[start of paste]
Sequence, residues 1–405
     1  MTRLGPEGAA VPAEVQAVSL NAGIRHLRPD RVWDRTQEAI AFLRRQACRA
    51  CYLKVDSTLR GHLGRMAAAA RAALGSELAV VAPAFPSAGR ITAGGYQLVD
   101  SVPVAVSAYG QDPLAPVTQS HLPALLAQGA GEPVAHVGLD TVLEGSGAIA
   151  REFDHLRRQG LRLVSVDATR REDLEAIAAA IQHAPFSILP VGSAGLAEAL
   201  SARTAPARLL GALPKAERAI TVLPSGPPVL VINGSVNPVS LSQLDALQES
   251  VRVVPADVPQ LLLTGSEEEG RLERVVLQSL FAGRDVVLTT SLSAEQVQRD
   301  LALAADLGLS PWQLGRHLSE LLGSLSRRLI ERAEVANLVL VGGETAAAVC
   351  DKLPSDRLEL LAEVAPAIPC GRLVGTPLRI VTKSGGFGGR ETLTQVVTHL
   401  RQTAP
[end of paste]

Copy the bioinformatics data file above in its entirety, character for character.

Sequence, residues 1–405
     1  MTRLGPEGAA VPAEVQAVSL NAGIRHLRPD RVWDRTQEAI AFLRRQACRA
    51  CYLKVDSTLR GHLGRMAAAA RAALGSELAV VAPAFPSAGR ITAGGYQLVD
   101  SVPVAVSAYG QDPLAPVTQS HLPALLAQGA GEPVAHVGLD TVLEGSGAIA
   151  REFDHLRRQG LRLVSVDATR REDLEAIAAA IQHAPFSILP VGSAGLAEAL
   201  SARTAPARLL GALPKAERAI TVLPSGPPVL VINGSVNPVS LSQLDALQES
   251  VRVVPADVPQ LLLTGSEEEG RLERVVLQSL FAGRDVVLTT SLSAEQVQRD
   301  LALAADLGLS PWQLGRHLSE LLGSLSRRLI ERAEVANLVL VGGETAAAVC
   351  DKLPSDRLEL LAEVAPAIPC GRLVGTPLRI VTKSGGFGGR ETLTQVVTHL
   401  RQTAP